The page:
NEW YORK (CBSNewYork/AP) — Patrolmen’s Benevolent Association President Patrick Lynch is speaking out after a new poll found only 18 percent of New Yorkers had a favorable opinion of the longtime union leader.
The Quinnipiac University poll released Thursday also found that 43 percent of voters think Lynch is a mostly negative force in the city.READ MORE: 'Terrain's Very Difficult': Search Resumes For Brian Laundrie While Authorities Perform Autopsy On Body Believed To Be Gabby Petito
“I fight for and speak for the police officers of the City of New York and they are the only ones whose opinions I care about,” Lynch said in a statement Friday. “I don’t do my job to make myself popular, I fight for what’s right for my members.”
EXTRA: Click Here For The Full Poll
The poll found that 77 percent considered Lynch’s comments that Mayor Bill de Blasio had “blood on his hands” following the deaths of officers Rafael Ramos and Wenjian Liu last month “too extreme.”
Quinnipiac University Poll Assistant Director Maurice Carroll said Lynch’s comments were “condemned by white, black and Hispanic voters alike.”
In addition, the poll found that 69 percent didn’t approve of police officers turning their backs on the mayor during the officers’ funerals.
The poll comes amid a rancorous time between police and the mayor that ramped up during protests over a Dec. 3 grand jury decision not to indict a police officer in the apparent chokehold death of Eric Garner and hit a fever pitch in the weeks since the officers were shot dead Dec. 20 by a man who vowed online to kill two “pigs.”
Among the poll results, 77 percent said relations between de Blasio and the police are “generally bad.” Of those, 45 percent said de Blasio is to blame, while 43 percent blame police.
Overall, 56 percent of New Yorkers approved of the way police are doing their jobs and about half approved of how de Blasio is handling crime. Fifty-six percent approved of the job Police Commissioner Bill Bratton was doing, up from his previous rating.READ MORE: Google To Buy St. John's Terminal In Lower Manhattan For $2.1 Billion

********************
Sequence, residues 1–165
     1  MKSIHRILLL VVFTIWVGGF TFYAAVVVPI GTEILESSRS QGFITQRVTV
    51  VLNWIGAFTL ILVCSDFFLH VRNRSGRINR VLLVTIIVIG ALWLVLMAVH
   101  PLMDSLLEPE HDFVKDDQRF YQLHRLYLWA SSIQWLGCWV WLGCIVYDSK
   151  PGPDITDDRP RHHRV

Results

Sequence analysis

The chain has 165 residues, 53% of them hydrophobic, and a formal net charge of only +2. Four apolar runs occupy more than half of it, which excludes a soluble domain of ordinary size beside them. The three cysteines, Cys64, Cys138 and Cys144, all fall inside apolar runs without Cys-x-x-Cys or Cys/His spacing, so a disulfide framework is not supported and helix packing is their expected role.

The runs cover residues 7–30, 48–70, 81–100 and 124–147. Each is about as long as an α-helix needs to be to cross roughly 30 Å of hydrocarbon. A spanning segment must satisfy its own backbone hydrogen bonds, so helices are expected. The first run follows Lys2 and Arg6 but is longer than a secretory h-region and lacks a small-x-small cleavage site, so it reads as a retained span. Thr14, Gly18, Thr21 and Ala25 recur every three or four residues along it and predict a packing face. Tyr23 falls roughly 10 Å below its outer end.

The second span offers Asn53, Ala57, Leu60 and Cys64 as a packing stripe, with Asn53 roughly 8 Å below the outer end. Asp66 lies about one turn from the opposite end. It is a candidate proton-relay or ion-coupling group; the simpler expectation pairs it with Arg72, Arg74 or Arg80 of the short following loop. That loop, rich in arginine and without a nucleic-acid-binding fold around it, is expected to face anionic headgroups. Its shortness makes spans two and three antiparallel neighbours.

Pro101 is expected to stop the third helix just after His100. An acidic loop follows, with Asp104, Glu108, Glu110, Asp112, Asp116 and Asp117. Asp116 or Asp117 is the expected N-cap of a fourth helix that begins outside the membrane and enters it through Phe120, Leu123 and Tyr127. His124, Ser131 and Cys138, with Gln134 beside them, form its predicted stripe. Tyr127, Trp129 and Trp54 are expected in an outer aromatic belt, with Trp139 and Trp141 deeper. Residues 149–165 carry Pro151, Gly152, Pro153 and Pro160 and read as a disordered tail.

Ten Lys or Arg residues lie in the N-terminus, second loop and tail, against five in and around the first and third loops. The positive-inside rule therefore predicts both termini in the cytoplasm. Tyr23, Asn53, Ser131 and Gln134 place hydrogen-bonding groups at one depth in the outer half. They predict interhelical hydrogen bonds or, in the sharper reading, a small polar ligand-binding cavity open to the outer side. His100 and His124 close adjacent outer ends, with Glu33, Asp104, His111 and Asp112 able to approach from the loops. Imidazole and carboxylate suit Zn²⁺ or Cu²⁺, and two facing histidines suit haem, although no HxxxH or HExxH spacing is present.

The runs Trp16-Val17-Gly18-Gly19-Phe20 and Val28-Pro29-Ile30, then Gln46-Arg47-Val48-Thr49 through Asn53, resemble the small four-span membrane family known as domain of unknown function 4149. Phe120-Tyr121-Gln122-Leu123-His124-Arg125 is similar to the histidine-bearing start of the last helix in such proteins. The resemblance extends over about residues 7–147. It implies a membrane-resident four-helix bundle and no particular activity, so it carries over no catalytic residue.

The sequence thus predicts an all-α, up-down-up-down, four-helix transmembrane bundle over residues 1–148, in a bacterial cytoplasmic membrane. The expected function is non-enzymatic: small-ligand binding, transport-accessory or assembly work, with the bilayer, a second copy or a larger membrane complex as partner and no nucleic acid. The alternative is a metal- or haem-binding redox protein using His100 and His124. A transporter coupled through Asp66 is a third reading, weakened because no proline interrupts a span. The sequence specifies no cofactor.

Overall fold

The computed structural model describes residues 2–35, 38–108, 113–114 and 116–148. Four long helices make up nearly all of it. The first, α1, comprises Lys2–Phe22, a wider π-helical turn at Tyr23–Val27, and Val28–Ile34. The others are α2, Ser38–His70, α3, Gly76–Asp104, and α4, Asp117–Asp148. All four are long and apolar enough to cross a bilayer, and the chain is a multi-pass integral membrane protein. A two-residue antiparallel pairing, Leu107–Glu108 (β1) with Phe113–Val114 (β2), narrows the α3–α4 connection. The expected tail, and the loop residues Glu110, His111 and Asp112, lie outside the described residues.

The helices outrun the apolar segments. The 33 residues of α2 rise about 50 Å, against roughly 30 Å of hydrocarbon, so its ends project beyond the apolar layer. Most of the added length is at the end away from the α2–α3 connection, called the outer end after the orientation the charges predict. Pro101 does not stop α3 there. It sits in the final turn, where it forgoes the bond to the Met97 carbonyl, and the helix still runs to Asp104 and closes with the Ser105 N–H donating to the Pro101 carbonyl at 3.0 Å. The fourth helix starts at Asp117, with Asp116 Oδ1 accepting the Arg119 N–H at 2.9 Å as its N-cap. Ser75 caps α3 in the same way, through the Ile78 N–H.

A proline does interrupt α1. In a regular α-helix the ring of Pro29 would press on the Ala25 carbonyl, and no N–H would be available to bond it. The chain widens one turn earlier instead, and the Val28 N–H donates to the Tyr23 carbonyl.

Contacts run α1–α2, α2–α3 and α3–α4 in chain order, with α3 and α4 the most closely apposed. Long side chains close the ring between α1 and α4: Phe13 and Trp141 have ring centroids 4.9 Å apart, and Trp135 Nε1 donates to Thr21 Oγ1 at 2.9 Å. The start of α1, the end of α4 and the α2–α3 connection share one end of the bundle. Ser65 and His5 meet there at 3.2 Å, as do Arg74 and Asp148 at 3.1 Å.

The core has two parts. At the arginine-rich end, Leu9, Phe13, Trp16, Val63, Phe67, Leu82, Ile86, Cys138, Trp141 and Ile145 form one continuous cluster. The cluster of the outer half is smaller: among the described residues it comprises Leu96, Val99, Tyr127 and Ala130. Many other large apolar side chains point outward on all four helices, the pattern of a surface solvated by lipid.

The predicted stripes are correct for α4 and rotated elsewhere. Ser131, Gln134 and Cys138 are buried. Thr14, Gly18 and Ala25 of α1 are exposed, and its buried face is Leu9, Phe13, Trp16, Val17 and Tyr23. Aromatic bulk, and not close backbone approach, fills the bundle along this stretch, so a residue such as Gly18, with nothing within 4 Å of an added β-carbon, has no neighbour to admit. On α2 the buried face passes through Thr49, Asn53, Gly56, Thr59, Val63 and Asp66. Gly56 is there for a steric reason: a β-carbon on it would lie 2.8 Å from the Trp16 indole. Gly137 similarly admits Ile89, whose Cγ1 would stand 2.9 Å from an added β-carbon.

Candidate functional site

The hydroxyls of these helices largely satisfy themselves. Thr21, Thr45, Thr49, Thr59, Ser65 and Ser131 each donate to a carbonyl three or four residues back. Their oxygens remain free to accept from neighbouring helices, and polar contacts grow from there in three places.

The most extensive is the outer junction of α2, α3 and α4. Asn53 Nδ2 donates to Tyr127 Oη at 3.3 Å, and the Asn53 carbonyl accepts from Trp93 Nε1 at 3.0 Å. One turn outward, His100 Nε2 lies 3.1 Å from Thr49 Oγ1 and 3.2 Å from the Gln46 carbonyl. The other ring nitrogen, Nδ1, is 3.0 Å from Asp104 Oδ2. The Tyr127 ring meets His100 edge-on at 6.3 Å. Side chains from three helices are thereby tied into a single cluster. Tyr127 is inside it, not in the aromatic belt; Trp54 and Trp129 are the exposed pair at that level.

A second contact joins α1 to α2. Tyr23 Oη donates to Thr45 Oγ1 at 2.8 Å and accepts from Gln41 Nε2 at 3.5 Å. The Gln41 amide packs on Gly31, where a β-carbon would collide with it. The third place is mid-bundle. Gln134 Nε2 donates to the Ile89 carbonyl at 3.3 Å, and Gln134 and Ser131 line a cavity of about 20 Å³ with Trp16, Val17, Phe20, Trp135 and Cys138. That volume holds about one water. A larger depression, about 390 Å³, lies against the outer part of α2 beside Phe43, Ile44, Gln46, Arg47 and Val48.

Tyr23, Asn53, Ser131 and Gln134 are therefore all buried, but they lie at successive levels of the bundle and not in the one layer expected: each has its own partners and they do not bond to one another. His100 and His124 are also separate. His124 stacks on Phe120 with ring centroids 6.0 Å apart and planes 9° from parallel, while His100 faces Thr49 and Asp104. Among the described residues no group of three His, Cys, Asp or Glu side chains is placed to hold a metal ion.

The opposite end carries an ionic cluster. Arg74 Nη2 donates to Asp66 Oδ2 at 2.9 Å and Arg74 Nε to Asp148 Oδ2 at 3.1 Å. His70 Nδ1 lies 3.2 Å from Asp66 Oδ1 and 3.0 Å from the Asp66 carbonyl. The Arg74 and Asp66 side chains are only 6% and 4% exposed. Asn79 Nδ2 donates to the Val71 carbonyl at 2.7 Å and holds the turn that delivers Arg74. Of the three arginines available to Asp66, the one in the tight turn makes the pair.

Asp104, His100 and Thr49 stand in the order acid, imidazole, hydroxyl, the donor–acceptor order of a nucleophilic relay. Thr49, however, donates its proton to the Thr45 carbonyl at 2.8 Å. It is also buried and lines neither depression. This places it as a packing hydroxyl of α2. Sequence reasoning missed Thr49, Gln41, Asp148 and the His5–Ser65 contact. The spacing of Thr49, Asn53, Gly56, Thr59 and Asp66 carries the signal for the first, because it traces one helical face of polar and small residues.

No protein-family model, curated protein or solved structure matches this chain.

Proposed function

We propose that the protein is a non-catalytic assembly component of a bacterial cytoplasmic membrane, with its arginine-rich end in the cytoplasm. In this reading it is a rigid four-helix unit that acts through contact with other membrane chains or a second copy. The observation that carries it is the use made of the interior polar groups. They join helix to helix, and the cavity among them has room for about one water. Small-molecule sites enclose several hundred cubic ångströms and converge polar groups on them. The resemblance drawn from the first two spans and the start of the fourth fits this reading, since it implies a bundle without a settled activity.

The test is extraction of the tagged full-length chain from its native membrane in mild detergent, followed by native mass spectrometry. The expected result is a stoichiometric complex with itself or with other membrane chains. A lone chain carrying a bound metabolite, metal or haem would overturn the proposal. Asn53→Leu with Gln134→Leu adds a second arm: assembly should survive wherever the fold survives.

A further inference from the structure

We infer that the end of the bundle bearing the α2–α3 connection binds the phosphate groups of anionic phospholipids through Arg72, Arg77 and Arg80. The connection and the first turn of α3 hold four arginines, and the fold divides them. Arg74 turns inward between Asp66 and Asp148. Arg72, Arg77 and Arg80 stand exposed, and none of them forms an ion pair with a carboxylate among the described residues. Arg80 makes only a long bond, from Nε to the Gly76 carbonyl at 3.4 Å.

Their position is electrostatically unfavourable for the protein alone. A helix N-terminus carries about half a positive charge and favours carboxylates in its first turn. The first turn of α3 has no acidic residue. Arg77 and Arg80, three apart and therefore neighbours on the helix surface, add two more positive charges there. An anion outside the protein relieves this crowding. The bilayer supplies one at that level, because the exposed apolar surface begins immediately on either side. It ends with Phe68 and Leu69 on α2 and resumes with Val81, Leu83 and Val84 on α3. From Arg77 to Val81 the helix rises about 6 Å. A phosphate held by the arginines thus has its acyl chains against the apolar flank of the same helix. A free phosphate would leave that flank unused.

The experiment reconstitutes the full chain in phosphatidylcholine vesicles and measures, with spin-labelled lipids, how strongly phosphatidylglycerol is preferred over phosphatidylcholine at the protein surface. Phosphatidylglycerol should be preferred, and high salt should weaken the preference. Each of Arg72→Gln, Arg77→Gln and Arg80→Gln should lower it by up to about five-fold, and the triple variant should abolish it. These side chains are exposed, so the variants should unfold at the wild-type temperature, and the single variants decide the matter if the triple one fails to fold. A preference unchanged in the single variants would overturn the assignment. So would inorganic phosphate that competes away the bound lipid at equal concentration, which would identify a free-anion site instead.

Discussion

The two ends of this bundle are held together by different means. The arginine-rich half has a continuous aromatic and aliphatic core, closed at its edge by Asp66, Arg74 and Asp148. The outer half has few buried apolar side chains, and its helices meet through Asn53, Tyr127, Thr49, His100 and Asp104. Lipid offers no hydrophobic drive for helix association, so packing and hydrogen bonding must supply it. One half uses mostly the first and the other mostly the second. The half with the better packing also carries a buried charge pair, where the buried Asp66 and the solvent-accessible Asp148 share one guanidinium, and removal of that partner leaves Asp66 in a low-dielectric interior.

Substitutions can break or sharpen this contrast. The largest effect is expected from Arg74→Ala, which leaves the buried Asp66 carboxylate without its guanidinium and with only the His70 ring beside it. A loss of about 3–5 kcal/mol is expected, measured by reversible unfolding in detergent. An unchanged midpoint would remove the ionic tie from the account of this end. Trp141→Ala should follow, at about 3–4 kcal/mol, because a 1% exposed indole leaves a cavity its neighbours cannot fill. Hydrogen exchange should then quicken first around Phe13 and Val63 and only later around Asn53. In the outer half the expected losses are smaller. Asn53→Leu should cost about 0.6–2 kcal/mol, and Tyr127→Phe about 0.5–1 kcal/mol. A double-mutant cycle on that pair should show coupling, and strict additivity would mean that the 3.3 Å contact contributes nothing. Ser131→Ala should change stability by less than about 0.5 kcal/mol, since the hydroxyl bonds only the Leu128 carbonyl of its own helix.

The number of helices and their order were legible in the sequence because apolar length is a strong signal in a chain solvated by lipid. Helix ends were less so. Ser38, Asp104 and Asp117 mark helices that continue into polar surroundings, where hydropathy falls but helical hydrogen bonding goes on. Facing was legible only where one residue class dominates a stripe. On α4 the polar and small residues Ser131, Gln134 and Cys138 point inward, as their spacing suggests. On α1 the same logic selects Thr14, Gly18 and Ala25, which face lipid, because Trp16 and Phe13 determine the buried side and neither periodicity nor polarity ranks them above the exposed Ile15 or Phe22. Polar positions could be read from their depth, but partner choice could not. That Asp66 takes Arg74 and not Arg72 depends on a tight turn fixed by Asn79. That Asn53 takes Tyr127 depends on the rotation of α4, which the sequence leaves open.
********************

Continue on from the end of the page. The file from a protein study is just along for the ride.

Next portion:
The poll surveyed 1,182 New York City voters by phone from Jan. 7 to 14. It had a margin of error of plus or minus 2.9 percentage points.
A spokesman for the mayor didn’t address Thursday’s poll specifically.
“The mayor is committed to keeping crime low, ensuring the brave men and women of the NYPD have the tools needed to keep them safe on the job, and bringing police and community closer together,” spokesman Phil Walzak said.
His approval rating on December 18 was 47 percent. That poll was taken two days before Liu and Ramos were killed.
“The mayor’s numbers showed really not much of an improvement at all,” Carroll told 1010 WINS.
The poll results this week also come amid a burst of dissension within the union ranks and Lynch.
At a union lunch this week in Queens, a shouting match broke out over Lynch’s public battle with de Blasio, with some delegates suggesting his methods weren’t effective. Lynch, 51, is seeking a fifth term in June at the union that represents 24,000 cops. No challenger has come forward.
De Blasio suggested that the dissension within the union meeting was because Lynch did not speak for all of his members, many of whom now want to “let their voices be heard.”MORE NEWS: New Video Shows Brawl Outside Carmine's: Restaurant Says It Was Over Proof Of Vaccination, Defense Attorney Claims Hostess Used Racial Slur
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